TAT: Health, safety key to revival

TAT: Health, safety key to revival

Agency hopes to use crisis to raise ranking

Mr Yuthasak gives the keynote speech at the '5 First S-Curve High-Value Tourism' webinar. (Photo by Varuth Hirunyatheb)
Mr Yuthasak gives the keynote speech at the '5 First S-Curve High-Value Tourism' webinar. (Photo by Varuth Hirunyatheb)

Tourism needs to adopt lessons learned from the outbreak to enhance safety and health competitiveness as the industry's priorities shift from volume to value, says the Tourism Authority of Thailand.

TAT governor Yuthasak Supasorn said effective risk management will be the key to overcoming challenges next year if the world is hit by a second wave of the coronavirus pandemic.

He said most tourism-related operators are on the brink of bankruptcy, especially airlines, while local residents have developed a negative attitude towards foreigners.

Under the TAT's best-case scenario for 2021 -- with a vaccine available at the start of the year and international tourists returning in the second quarter without triggering a second wave -- Thailand would welcome 20.5 million tourists, down 48% from 2019, and generating 980 billion baht, down 49%.

Of that number, 16.7 million would come from Asia-Pacific and 3.8 million from Europe, the Americas, the Middle East and Africa.

Local tourists would make 99.1 million trips, up 10% from 2020, and contribute 570 billion baht, up 15%.

Speaking on Thursday at a webinar on "5 First S-Curve High-Value Tourism" organised by the Thailand Convention and Exhibition Bureau, the Thai Chamber of Commerce, Post Today and the Bangkok Post, Mr Yuthasak said provinces within driving distance of Bangkok will see a faster recovery.

He identified three groups making up a large part of local tourism: Thai people (some 80% from Bangkok), expats, and employees in the governmental and commercial sectors.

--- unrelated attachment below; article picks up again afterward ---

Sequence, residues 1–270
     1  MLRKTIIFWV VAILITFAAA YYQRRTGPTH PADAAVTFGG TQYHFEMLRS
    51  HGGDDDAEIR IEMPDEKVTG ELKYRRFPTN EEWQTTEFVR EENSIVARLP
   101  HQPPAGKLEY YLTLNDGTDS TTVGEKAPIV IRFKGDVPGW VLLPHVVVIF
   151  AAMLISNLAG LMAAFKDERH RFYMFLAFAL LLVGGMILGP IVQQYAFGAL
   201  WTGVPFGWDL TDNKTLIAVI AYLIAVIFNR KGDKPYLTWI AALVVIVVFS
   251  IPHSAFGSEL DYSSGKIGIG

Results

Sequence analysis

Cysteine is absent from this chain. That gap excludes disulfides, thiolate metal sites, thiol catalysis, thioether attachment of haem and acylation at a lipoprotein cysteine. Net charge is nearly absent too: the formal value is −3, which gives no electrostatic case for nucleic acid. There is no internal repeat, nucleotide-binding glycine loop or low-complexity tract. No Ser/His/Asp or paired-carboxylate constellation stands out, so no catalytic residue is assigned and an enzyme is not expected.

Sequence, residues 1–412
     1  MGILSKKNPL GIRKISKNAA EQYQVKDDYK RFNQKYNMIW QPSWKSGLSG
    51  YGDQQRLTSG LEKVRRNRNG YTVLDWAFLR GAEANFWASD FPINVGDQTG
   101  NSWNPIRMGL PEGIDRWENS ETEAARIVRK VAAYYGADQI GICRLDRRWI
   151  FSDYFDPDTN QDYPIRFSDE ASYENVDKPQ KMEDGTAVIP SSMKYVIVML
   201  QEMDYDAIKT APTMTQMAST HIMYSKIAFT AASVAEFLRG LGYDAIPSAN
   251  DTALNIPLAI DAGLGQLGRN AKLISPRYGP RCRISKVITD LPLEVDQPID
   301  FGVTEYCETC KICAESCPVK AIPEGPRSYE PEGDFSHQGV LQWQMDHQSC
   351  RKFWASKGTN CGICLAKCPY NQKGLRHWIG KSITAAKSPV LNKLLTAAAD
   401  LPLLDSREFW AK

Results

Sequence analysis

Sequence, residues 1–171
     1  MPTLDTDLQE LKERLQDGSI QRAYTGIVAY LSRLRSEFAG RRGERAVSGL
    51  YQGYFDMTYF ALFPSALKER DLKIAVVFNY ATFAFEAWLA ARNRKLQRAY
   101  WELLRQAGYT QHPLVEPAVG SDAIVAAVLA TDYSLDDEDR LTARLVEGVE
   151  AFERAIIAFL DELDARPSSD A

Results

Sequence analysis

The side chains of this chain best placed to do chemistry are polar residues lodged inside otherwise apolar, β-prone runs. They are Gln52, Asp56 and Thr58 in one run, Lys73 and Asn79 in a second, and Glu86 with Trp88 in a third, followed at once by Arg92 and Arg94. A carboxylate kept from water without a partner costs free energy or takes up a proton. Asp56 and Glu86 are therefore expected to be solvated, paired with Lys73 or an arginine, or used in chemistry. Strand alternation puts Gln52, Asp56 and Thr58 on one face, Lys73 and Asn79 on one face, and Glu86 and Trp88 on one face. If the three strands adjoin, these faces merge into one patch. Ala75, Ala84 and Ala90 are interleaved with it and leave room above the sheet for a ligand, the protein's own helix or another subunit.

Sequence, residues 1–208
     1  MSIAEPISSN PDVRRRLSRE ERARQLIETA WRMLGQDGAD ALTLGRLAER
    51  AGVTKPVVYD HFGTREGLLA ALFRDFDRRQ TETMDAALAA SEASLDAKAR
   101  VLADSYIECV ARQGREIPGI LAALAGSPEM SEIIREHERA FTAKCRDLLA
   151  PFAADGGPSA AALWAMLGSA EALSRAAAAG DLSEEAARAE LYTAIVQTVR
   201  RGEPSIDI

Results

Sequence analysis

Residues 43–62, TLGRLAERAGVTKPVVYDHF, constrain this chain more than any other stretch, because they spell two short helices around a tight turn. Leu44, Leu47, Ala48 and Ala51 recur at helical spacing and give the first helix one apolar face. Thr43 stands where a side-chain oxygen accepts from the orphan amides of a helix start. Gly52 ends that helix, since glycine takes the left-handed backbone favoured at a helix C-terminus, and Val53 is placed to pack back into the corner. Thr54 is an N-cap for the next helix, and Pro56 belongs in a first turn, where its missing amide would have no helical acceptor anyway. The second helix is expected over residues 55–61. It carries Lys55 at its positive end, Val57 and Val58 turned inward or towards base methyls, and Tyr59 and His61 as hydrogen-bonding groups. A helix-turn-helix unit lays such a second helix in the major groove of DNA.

The first group that will be ready to travel consists of those who are unconcerned about illness and have high purchasing power.

"Senior tourists used to be the target group for our industry," Mr Yuthasak said. "But with this new-normal model, high-value tourists with good health will be our first priority."

The agency aims to use the opportunity from the pandemic to pursue tourism in a safer and more sustainable manner to improve Thailand's standing in the World Economic Forum's Travel and Tourism Competitiveness Index.

At present, Thailand ranks 88th out of 140 countries in health and hygiene and 111th in safety and security.

Krit Patarapal, managing director of PK Exhibition, the organiser of the Thai Tiew Thai tourism fair, said the exhibition market has always been at the forefront when the country had to face crises head-on.

In the past, the sector was bruised by political unrest, natural disasters and outbreaks that required the company to prepare for crisis management, be ready to communicate and stay connected with customers for better understanding.

Mr Krit said event sizes and costs must be slashed to fit with limited demand and physical distancing rules, while operators have to learn more useful skills to meet the new standards.

He said business-to-business international exhibitions declined in the first half of 2020 amid virus fears and border closures in most parts of the world.

In the second half of the year, operators can host more domestic consumer fairs but must comply with the Centre for Covid-19 Situation Administration's guidelines.

Mr Krit said just 10% of exhibition operators in the industry will make it through to the other side of the crisis. Some 50% of about 10,000 operators have already quit the business.

As for the readiness and initiatives of the health industry in navigating the pandemic, Thailand's healthcare model will also shift from volume to value, said Napas Paorohitya, chief marketing officer of Bumrungrad Hospital.

To attract more Thais, Bumrungrad is offering a 40% discount on room rates and a 20% discount on medicine prices for citizens.

Buranat Limchitti, senior vice-president for international marketing at Dusit Medical Services, said his group has a plan to register its 17 hospitals as alternative hospital quarantine sites for returnees.


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